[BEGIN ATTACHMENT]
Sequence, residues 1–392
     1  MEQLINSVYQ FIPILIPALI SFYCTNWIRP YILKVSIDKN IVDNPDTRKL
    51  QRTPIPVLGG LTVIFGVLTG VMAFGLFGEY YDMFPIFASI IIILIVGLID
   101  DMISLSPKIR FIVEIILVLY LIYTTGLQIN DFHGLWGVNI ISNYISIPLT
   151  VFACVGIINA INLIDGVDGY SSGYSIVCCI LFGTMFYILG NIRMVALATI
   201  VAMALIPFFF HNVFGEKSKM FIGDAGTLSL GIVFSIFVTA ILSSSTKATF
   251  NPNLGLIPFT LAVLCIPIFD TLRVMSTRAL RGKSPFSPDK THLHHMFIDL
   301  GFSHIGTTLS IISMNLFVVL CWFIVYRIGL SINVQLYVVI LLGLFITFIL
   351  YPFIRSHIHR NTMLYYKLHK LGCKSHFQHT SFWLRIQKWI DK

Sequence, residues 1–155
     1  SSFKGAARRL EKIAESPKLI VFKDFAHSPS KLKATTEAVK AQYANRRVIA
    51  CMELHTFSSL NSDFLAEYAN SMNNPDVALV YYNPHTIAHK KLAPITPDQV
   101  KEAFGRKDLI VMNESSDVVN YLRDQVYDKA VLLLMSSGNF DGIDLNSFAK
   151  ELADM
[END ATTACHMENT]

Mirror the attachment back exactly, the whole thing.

Sequence, residues 1–392
     1  MEQLINSVYQ FIPILIPALI SFYCTNWIRP YILKVSIDKN IVDNPDTRKL
    51  QRTPIPVLGG LTVIFGVLTG VMAFGLFGEY YDMFPIFASI IIILIVGLID
   101  DMISLSPKIR FIVEIILVLY LIYTTGLQIN DFHGLWGVNI ISNYISIPLT
   151  VFACVGIINA INLIDGVDGY SSGYSIVCCI LFGTMFYILG NIRMVALATI
   201  VAMALIPFFF HNVFGEKSKM FIGDAGTLSL GIVFSIFVTA ILSSSTKATF
   251  NPNLGLIPFT LAVLCIPIFD TLRVMSTRAL RGKSPFSPDK THLHHMFIDL
   301  GFSHIGTTLS IISMNLFVVL CWFIVYRIGL SINVQLYVVI LLGLFITFIL
   351  YPFIRSHIHR NTMLYYKLHK LGCKSHFQHT SFWLRIQKWI DK

Sequence, residues 1–155
     1  SSFKGAARRL EKIAESPKLI VFKDFAHSPS KLKATTEAVK AQYANRRVIA
    51  CMELHTFSSL NSDFLAEYAN SMNNPDVALV YYNPHTIAHK KLAPITPDQV
   101  KEAFGRKDLI VMNESSDVVN YLRDQVYDKA VLLLMSSGNF DGIDLNSFAK
   151  ELADM